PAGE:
Being in a “Position of F— You” Gave Me the Power to Say No

Position of F--- You

What is the best thing about being financially independent? It puts you in a “Position of Fuck You.” Once you have enough money, you don’t need a boss— nobody can tell you what to do. Or, if you wish to remain employed, nobody can tell you where to do your job without first letting you go.

Why it sucks not to be in a “Position of Fuck You.

Throughout my entire career, I’ve been a good and obedient employee. Sure, I sometimes slack off because of boredom, as many workers do. But I routinely work my butt off to finish projects on time.

I also will never shortchange my employer. I might work only five hours in one day, but I always make sure to compensate for the lost time the next day or two, even with no extra pay— I’m a salaried employee with no overtime pay.

Sure, it helps that I love what I do and the people that I get to work with. But what really motivated me to obey my employer before becoming FI was fear. Unless you’re FI or have serious FU money, you should— everyone is dispensable— even if you think you’re a rock star at work.

If you don’t stay motivated, think about the consequences that could happen:

  1. Your performance suffers, you get fired, and you’d lose your income.
  2. The house gets foreclosed, or your landlord kicks you out.
  3. The car gets repossessed by the bank or dealership.
  4. You max out all your credit cards to dig yourself into a deeper hole.

Meanwhile, you struggle to get a new job, which could turn out to be worse than your old one. That’s how it is for many people. It sucks to have no options. Financial slavery is real.

Boss demanded I start working in the office

After 18 months of working from home, my employer suddenly demanded that we all work back in the office five days a week.

“As you know, we have recently re-opened all the US offices for fully vaccinated staff in addition to the other offices that have been open for many months.  The teams that have returned to the office are excited to be back and we all are looking forward to getting back to normal as soon as it’s safe to do so.

From a planning perspective, everyone (both vaccinated and unvaccinated) should be prepared to return to the office in the coming months as we were pre-Covid once the virus situation stabilizes.”

— Company memo

The only problem is nobody seems to want to go back. It has been weeks since the memo was sent, but attendance in the office is still 10% of what it had been before the pandemic.

But with one exception: my immediate boss wants me in the office five days a week, which doesn’t make any sense.

With 95% of my coworkers working abroad, thanks to globalization, it doesn’t really matter where I work. The experience is the same except maybe between my boss, me, and another co-located employee I seldom interact with.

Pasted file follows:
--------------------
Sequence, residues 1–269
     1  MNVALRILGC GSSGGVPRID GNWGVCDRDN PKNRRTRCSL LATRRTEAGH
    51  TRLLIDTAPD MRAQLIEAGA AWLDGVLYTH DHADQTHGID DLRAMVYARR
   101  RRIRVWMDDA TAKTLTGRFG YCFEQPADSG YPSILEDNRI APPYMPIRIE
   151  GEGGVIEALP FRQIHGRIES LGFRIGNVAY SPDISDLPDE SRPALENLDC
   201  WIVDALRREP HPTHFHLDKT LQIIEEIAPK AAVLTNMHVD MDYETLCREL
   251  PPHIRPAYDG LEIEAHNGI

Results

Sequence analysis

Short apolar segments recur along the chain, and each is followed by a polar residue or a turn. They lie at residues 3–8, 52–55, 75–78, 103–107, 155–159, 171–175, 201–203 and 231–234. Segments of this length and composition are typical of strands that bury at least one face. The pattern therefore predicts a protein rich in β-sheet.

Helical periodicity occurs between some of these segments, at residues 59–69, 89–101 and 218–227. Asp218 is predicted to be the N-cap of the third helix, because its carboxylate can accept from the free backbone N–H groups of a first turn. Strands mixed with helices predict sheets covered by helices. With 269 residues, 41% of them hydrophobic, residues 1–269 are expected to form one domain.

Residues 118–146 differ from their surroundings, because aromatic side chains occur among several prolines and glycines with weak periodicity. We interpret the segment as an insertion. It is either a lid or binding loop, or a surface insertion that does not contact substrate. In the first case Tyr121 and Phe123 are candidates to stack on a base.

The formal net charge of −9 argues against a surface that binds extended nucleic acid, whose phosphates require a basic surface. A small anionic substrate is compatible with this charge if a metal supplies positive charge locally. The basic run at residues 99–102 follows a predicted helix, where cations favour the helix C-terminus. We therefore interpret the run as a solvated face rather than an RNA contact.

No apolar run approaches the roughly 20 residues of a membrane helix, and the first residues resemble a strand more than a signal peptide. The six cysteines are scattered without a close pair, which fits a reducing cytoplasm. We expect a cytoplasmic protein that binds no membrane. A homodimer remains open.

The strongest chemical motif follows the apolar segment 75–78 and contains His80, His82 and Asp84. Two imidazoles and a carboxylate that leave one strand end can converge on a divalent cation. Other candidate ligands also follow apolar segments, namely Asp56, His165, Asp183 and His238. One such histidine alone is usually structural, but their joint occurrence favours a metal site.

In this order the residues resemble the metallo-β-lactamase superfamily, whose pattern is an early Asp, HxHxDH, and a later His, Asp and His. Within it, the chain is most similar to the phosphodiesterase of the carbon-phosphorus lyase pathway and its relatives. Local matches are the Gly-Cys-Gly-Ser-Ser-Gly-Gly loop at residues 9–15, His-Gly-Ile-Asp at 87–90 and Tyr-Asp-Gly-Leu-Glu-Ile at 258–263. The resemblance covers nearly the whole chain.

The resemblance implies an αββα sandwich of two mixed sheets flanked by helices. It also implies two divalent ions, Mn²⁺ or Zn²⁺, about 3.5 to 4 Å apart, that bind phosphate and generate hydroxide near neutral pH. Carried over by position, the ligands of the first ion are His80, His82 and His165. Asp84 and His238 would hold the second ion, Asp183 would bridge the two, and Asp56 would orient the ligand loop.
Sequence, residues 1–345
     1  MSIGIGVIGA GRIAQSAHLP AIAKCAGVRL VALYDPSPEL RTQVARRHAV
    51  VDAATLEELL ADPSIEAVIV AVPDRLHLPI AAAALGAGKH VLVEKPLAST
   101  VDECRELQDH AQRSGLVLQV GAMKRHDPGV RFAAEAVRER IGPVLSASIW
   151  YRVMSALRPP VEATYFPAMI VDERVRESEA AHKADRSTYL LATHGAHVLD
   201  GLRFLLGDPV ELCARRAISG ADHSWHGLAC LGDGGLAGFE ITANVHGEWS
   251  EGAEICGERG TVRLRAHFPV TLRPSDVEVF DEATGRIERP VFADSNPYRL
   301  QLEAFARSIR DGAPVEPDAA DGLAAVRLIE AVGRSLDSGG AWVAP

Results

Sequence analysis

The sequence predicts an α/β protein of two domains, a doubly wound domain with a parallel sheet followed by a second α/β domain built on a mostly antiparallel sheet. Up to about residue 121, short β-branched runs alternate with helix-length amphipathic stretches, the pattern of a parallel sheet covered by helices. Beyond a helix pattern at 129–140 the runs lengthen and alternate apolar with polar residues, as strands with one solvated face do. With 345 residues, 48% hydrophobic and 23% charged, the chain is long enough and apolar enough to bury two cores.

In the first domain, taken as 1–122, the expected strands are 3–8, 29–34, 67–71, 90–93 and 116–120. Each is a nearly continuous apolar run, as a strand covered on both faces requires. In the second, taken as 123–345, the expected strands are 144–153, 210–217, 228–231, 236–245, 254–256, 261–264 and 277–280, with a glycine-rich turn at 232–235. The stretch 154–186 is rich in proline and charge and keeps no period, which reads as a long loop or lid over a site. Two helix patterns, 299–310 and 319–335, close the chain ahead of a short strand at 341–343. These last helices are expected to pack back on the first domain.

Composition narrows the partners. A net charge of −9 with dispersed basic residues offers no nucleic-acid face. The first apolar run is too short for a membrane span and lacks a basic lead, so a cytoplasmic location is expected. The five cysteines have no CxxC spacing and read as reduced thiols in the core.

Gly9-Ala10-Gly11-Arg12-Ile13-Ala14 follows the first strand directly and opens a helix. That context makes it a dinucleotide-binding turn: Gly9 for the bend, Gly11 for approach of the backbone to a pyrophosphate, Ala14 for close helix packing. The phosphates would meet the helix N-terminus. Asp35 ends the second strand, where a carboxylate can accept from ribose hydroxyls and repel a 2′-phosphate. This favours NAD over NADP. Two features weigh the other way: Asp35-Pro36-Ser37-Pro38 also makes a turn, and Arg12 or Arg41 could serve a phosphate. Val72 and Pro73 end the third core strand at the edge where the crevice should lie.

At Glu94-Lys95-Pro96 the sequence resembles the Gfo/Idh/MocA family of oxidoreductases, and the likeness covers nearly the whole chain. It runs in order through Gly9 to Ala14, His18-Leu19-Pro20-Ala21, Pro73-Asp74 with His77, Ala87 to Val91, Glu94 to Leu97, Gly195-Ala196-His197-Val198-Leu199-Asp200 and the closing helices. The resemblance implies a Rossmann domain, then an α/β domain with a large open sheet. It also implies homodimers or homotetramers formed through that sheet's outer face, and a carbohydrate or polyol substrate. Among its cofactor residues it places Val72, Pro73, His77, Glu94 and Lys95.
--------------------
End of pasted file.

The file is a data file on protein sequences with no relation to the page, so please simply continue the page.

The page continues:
So when my boss messaged me on Microsoft Teams at 10 am, “Hi, are you coming in today??”

My status on Teams was green and had been active since 8 am— I was obviously working from home. And yet he still asked as if he didn’t know. I can tell he was pissed because I wasn’t in the office.

“Hi, I am working from home. Umm… Didn’t I tell you about Tuesdays and Fridays?” I replied.

“Yes, for summer when schools are closed,” my boss countered.

I immediately called my boss, talked for a minute, expressing my disgust over the company policy.

I then respectfully told him, “Sorry, there must be a misunderstanding. When I asked if I could WFH Tuesdays and Fridays, it wasn’t really a request. I’m telling you that I won’t.”

I made it clear that I wasn’t asking for permission— I’m setting the rules!

“Please put it down in black and white,” he responded.

“Will sure do,” I replied.

Putting it down in black and white

After the short meeting, I immediately opened Outlook to write an email.

I started the body with the following sentence (five words in bold added for emphasis):

“This is to inform you that I AM NO LONGER WILLING to go to the office for work five days a week. The most that I can do is three days or whenever my physical presence is absolutely needed.”

I then ended with the following:

“Feel free to forward this to upper management if need be.”

I clicked Send and the message went straight to his inbox.

Seconds later, my boss’ tone on Teams changed from imposing to a gesture of tolerance:

“Thanks for the email. I don’t think they will see this as a problem.”

I promptly clicked “Like” to end the awkward conversation.

Final thoughts

With the house paid off, no car loans, student loans, or credit card debt we couldn’t pay tomorrow, and the kids’ college fully funded, we can rest assured that NOBODY, not any bank, person, or employer, has financial leverage against us. It also helps that my wife works, and we have enough stash of money scattered in both taxable and tax-advantaged accounts.

Having FU money is crucial– it gives you options to escape a difficult situation. But being FI puts you in a greater position of Fuck You.

I would not have been able to write the email the way it was written otherwise. I promise to let you know if I get fired.


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